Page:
1. Yom (Day of) Kippur has been a breakthrough Jewish contribution to, and enhancement of, human-relations in general and leadership in particular. It highlights the most essential human attributes, which constitute prerequisites to positive leadership: humility (as featured in the very special Netaneh Tokef prayer), soul-searching, pleading fallibility, confessing wrong-doing, asking and granting forgiveness, magnanimity. Yom Kippur is not driven by punishment, but by behavioral-enhancement.
2. The Hebrew word Kippur (atonement/repentance) is a derivative of the Biblical words Kaporet – which covered the Holy Ark at the Sanctuary – and Kopher, which covered Noah’s Ark and the Holy Altar at the Temple. The reference is to a spiritual cover (dome), which does not cover-up, but rather separates between the holy and the secular, between spiritualism and materialism. The cover intends to intensify preoccupation with inner deliberations and soul-searching. The Kippa (Yarmulke), which covers one’s head during prayers (or – in the case of observant Jews – at all times), reflects a spiritual cover (Dome). Thus, Yom Kippur constitutes the cover (Dome) of the Ten Days of Atonement (between Rosh Hashanah and Yom Kippur), separating them from the rest of the year.
3. Teshuvah is the Hebrew word for repentance. Its root is the Hebrew word for Return – returning to root/positive values, morality, and behavior). Yom Kippur is also called – in Hebrew – Shabbat Shabbaton (the highest level Sabbath), which has the same root as Teshuvah. The last Sabbath before Yom Kippur is called Shabbat Teshuvah (based on the prophesy of Hosea, chapter 4). While the Sabbath is the soul of the week, Yom Kippur is the soul of the year.
4. Yom Kippur is observed on the tenth day of the Jewish month of Tishrei, which is an ancient word for forgiveness. Ten has special significance in Judaism: G-D’s abbreviation is the tenth Hebrew letter, Ten Commandments, Ten reasons for blowing the Shofar, Ten Percent Gift to G-D (tithe), etc.
5. The prayer of Veedooi (confession/confirmation/reaffirmation in Hebrew) is recited Ten times during Yom Kippur, re-entrenching the genuine plea for forgiveness. The prerequisites for forgiveness, according to Jewish Sages, are the expression & exercise (talking & walking) of confession (assuming full-responsibility), repentance and significantly altering one’s behavior through the heart as well as through the head (no “buts,” no “ifs” and no plea for mitigating circumstances). King Saul sinned only once – ignoring the commandment to annihilate the Amalekites – but was banished from the crown and killed. King Saul raised mitigating circumstances, while responding to Samuel’s accusation. King David sinned twice (The “Bat-Sheba Gate” and “Census Gate”), but was forgiven. King David accepted full-responsibility and unconditional blame and the death sentence (as expressed by Nathan the Prophet), which was promptly rescinded.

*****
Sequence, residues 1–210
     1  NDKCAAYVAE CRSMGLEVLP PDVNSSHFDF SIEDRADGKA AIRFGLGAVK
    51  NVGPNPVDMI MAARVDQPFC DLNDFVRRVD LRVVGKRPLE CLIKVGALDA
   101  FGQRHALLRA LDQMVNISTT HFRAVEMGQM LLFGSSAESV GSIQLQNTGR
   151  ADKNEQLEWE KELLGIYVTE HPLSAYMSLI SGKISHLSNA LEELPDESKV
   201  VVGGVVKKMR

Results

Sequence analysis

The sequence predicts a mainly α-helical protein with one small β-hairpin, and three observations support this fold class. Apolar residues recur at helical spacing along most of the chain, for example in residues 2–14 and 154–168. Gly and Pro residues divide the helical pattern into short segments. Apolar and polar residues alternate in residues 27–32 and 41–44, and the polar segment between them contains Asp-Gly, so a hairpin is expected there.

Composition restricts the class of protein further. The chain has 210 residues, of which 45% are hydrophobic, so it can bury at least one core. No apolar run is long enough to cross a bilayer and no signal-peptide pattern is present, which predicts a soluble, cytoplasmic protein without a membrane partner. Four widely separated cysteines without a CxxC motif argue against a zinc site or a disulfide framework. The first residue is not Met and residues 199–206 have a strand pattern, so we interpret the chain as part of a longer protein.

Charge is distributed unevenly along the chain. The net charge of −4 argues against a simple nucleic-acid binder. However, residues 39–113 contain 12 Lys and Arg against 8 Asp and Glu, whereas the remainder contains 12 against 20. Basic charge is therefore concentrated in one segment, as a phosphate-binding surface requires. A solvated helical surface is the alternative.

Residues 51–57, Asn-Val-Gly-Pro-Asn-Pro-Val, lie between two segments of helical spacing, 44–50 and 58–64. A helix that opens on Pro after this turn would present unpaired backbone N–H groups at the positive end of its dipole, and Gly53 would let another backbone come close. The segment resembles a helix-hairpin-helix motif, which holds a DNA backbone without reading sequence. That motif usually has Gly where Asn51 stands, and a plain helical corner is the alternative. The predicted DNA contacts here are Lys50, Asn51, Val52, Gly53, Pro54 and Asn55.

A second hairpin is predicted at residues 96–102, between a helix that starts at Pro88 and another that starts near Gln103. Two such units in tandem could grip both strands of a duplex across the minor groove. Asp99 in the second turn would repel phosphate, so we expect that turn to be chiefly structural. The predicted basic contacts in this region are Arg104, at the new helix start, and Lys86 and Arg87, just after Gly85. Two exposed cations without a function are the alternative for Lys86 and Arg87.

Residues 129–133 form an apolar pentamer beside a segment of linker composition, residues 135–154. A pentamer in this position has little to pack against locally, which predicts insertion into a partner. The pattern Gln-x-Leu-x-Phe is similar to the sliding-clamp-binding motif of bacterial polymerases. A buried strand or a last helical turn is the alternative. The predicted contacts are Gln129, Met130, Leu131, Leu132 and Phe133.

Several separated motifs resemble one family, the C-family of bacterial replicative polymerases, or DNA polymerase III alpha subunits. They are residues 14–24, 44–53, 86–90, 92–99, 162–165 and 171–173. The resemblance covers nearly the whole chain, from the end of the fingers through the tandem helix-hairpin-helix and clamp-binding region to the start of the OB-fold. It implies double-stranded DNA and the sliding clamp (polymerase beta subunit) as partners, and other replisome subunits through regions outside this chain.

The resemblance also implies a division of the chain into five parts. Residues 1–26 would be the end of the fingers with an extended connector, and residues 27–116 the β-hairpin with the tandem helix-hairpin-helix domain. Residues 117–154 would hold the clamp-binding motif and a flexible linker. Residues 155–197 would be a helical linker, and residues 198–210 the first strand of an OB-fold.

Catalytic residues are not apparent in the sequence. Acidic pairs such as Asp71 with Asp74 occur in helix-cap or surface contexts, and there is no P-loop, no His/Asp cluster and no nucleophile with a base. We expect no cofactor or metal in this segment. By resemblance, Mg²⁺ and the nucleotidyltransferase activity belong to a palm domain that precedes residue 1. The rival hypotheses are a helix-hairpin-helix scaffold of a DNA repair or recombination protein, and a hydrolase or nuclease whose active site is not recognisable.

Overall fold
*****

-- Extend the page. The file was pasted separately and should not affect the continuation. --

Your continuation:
6. Tefila Zaka, the initial prayer on the eve of Yom Kippur, enables each worshipper to announce universal forgiveness.
While transgressions between human-beings and G-D are forgiven summarily via prayers, transgressions among human-beings require explicit forgiveness. Ill-speaking of other persons may not be forgiven.
7. The Memorial Candle, commemorating one’s parent(s), is lit during Yom Kippur. It reaffirms “Honor Thy Father and Mother,” according another opportunity to ask forgiveness of one’s parent(s), as well as asking forgiveness on their behalf.
8. G-D’s forgiveness and G-D’s Covenant with the Jewish People are commemorated by Yom Kippur. It reflects the end of G-D’s rage over the sin of the Golden Calf, and it was the day of Abraham’s own circumcision, signifying G-D’s covenant with the Jewish People.
9. The Fast of Yom Kippur aims at clearing the body and the mind – in order to facilitate genuine repentance and one’s empathy with the needy.
10. Yom Kippur underlines unison, while synagogues become a platform for the righteous, as well as for the sinner.
11. The Scroll of Jonas is read on Yom Kippur. Its lessons demonstrate that repentance and forgiveness is universal to all Peoples, commanding one to assume responsibility, to get involved socially-politically, to sound the alarm when wrong-doing is committed anywhere in the world, to display compassion to all peoples and to adhere to Faith and Optimism, in defiance of all odds.
12. A long sound of the Shofar concludes Yom Kippur. It commemorates the covenant with G-D (the almost-sacrifice of Isaac), the receipt of the Torah on Mt. Sinai, Liberty and anti-slavery (Jubilee) and the opening of G-D’s gates of forgiveness. The Hebrew root of Shofar means to enhance/improve oneself (Shafar). A Hebrew synonym for Shofar is Keseh, which almost means cover-Kaporet-Kippur.